- The average size of congregations in the MKC sample is 282 members.
- Forty-three percent of respondents were women and 57 percent were men.
- The sample was overwhelmingly urban—81 percent, which makes this sample by far the most urban of any in Africa.
- The average age is 45 years, with 50 percent of members between 18-45 years of age.
- Thirty-two percent of this sample are single members while 56 percent are married, the highest percentage in Africa next to Grace Community Church of South Africa (34%).
- Nearly one-fifth (19%) of respondents are engaged in education, and overall, 46 percent are professionals—the highest among the African churches.
- Thirty-eight percent are college graduates and 11 percent have advanced degrees—MKC is the most highly educated of any African church.
- Forty-one percent of respondents grew up in a home where one or both parents were a member of Meserete Kristos Church.
- Twelve percent of respondents were baptized in a denomination or church other than Meserete Kristos Church.
We are not sure how many of our church members know what we believe. [The GAP results] can help leaders design programs, so that our members know what Christianity really means.
–Tewodros Beyene, general secretary of MKC
The Meserete Kristos Church traces its roots to the work of North American Mennonite missionaries, who first arrived in Ethiopia in 1945 to establish hospitals, schools, and churches. Growth in the early years was rather slow, until 1974, when the Communist regime known as the Derg took power. As religious restrictions in the country increased, the church went into hiding. In 1982, the government seized the church’s administrative offices, property, and bank accounts. That same year, MKC’s 5,000 members started meeting in small groups for worship and study, often at night. These home-based groups, initially limited to no more than five people, began to grow and divide.
In 1994, after the fall of the Socialist regime, Meserete Kristos members gathered in a stadium to publicly congregate for the first time in twenty years, bringing in a total of 50,000 people. That same year Meserete Kristos College was founded to help train ministers and church leaders for the denomination. The church’s focus on leadership training, evangelism, and church planting has led to sustained growth over the last twenty years.
A general presidential election and a major leadership transition within the MKC slowed down implementation of the survey and made reaching rural congregations even more difficult. Data entry also required more volunteers than the denomination had originally anticipated.
Communauté des Églises des Frères Mennonites au Congo
Congregations: 67 | Members: 101,279
- One hundred percent of congregations and 17 percent of members in the original sample participated in the GAP.
- We do not have information about the average size of congregations in the Communauté des Églises des Frères Mennonites au Congo.
- Of those who participated in the GAP, 37 percent were women and 63 percent were men.
- Seventy-three percent of members reported living in rural communities and 28 percent in urban areas.
- The average age of respondents is 44 years and 53 percent of women are within childbearing age (18-45 years).
- Sixty-seven percent are married, 16 percent are single, five percent are widowed, 3 percent are separated or divorced, 5 percent are living with someone to whom they are not legally married, and 2 percent are in polygamist marriages.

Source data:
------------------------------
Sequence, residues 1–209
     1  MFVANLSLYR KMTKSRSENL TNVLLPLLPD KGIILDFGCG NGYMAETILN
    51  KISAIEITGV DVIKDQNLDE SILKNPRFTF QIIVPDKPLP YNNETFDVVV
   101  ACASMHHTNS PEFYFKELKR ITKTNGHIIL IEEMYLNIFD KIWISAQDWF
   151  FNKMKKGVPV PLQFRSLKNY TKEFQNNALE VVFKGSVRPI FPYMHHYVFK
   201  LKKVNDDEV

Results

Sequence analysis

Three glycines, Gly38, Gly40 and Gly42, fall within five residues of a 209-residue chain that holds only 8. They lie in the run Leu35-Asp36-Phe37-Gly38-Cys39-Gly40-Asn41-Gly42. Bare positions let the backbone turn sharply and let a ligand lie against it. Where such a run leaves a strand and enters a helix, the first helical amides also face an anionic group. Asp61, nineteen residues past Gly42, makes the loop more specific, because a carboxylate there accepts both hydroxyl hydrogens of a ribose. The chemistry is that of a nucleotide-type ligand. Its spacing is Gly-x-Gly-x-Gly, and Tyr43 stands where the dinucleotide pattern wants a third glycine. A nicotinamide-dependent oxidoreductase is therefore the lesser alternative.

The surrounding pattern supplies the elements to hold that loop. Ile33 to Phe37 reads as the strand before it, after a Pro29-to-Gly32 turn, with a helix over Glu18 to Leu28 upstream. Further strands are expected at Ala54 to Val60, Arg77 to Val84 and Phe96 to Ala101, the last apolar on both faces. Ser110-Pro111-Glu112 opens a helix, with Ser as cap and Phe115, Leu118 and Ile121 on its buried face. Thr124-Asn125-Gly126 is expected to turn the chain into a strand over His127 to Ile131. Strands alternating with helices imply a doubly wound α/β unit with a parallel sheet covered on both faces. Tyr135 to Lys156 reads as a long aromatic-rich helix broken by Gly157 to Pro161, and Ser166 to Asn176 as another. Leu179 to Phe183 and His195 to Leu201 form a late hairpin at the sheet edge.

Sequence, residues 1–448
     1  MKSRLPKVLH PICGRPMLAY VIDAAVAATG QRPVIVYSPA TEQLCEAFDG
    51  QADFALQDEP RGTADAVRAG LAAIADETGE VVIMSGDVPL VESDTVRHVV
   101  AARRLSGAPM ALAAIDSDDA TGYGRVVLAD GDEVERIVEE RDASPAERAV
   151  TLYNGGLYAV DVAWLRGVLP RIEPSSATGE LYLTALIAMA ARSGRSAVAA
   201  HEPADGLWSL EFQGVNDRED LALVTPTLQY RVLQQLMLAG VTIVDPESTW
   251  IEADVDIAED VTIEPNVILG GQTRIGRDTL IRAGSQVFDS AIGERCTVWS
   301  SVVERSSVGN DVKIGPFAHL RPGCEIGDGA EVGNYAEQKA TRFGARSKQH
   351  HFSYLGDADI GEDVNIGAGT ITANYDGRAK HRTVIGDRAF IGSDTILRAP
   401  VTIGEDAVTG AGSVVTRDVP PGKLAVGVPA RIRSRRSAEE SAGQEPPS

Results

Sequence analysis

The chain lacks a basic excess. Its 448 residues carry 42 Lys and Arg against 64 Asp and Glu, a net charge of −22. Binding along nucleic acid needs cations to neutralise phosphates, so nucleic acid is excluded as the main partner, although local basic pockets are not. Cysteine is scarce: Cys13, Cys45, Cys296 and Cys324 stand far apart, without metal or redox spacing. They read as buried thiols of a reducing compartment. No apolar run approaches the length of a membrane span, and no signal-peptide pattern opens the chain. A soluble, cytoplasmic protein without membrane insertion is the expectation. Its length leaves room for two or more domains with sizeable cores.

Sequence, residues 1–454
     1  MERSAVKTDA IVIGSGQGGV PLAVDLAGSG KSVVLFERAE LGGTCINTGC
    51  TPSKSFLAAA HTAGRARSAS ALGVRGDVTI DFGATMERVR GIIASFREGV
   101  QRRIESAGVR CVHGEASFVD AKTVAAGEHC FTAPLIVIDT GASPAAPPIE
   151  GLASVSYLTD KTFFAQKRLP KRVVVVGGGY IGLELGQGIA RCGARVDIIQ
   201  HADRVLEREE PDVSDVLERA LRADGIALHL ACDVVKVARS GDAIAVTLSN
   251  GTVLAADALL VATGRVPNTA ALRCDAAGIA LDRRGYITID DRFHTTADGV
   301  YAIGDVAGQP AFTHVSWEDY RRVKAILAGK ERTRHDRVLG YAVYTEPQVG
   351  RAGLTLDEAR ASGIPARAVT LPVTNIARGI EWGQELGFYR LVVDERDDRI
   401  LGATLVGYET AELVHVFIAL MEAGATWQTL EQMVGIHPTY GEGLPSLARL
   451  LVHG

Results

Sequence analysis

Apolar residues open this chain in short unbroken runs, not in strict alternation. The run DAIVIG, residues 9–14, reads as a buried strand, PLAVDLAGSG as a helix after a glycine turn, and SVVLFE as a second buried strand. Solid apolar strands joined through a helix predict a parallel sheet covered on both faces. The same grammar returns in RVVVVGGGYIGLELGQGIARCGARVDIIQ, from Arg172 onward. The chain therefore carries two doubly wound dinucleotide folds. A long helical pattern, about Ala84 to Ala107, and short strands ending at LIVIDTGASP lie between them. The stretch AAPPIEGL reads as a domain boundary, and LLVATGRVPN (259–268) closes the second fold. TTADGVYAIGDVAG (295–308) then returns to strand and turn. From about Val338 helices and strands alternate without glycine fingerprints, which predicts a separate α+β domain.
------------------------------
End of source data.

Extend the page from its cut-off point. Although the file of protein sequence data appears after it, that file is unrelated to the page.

- Forty-three percent are engaged in agriculture, 32 percent are professionals, 11 percent work in manual labor occupations, and 11 percent are in church-related careers. Just 3 percent are homemakers.
- Fifty-one percent have not completed a high school education. For 39 percent a high school diploma is their highest level of education, and 10 percent are college graduates.
- Sixty-one percent grew up in a home where one or both parents was a member of a congregation in the Communauté des Églises des Frères Mennonites au Congo.
- Eighty-three percent of respondents were baptized in a congregation of the Communauté des Églises des Frères Mennonites au Congo.
This work was both an evangelism campaign and a missionary work. The time of worship [before the survey] prepared hearts for the survey.
Nobody hurried up to go back home. God was at work. After the message of scripture in some places people converted and came to Jesus Christ.
–Research Associate Damien Pelende Tshinyam
In 1920 Aaron and Ernestina Janzen resigned from their work with Congo Inland Mission to start an independent Mennonite Brethren mission in what is now Bandundu province. In 1924 they moved south to Kafumba, which became the main center of the Mennonite Brethren mission until 1964. Early missionary work included agricultural, health, and educational activities—wholistic emphases that have continued in the church to the present day. Congolese catechists, evangelists, and pastors simultaneously carried out the early evangelism and translation work.
When Zaire became independent in 1960, the resulting rebellion led to the evacuation of North American missionaries and significant trials for Congolese church leaders, who faced threats and harassment from the revolutionary forces. The denomination became independent from the North American mission in 1971. Today the CEFMC counts churches in Kinshasa and in the Kivu, Lower Kongo, Equator, and Kasai provinces, among others. Evangelism remains a central focus not just for the denomination as a whole, but also for individual congregations and members. Church-planting has even led the denomination across the border into Angola. CEFMC also runs a Department of Health and Development that supports development projects in an effort to minister to the whole person.
Some people were fearful that their answers in the interviews might not please church leaders. After they were shown letters of support signed by the leaders, however, they felt free to speak their mind.